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Porsche 993: the 911 that had to succeed

In retrospect, it’s easy to say Porsche’s mistake was its decision to keep the G-series 911 in production for 15 years, but from the company’s point of view, through the early 1980s the 911 was selling ever more strongly.

Regular updates and revisions ensured it remained at the top of the performance stakes. The robustness which made it a car you could count on day after day meant that despite its archaisms, it was still the ultimate road and track sports car.

However, within Porsche it was also a source of frustration to many of its engineers and designers keen to modernise it, dispensing, for example, with the torsion bar suspension and introducing assisted steering and a less idiosyncratic ventilation system. Journalists in other respects always well disposed towards the 911 observed it was becoming increasingly an enthusiast’s car, lacking broader appeal and depriving Porsche of a wider market.

The 928 launched in 1977 was supposed to address the GT segment of the market, but by the time the Vorstand had approved the next 911, Typ 964 in April 1984, sales of the 928 were already in decline. The 964 itself was a radical step in engineering terms – a completely new chassis and suspension which allowed fitment of ABS and assisted steering, a larger and more potent flat six, and four-wheel drive.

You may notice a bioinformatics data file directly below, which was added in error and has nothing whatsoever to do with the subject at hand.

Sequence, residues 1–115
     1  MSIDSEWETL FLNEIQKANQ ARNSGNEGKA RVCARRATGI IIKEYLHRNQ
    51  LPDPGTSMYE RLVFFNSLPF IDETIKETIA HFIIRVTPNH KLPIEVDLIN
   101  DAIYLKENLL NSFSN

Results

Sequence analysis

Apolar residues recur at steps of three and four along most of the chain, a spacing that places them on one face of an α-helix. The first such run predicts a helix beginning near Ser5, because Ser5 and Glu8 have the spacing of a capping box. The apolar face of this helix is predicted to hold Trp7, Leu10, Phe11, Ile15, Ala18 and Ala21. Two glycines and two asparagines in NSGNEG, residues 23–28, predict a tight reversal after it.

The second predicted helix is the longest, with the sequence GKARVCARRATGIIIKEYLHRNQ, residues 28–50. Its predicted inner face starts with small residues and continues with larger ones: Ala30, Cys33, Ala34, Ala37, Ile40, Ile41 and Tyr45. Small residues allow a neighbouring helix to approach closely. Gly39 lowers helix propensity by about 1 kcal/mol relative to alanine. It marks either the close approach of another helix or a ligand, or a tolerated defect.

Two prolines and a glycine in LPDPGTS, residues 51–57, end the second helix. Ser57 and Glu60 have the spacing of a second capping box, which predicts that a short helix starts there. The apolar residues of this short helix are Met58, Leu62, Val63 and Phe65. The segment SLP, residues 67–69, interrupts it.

A conservative board, however, would not permit the designers to change anything above the axle line, which meant the 964, despite its revised front and rear bumpers, looked remarkably similar to its predecessor. Moreover its four-wheel-drive, such an innovation when Audi introduced the Quattro in 1981, was no longer a sensation, and early 964 buyers were able to confirm what the magazine testers had found, that Porsche’s fixed 2:1 rear/front torque split made the latest 911 an uninspiring understeerer.

The rear-drive C2 911 appeared a year later, but by then the damage had been done: in a generally morose market, and one which had halved in the US, clearly the 964 would not be the model to rescue an increasingly beleaguered Porsche.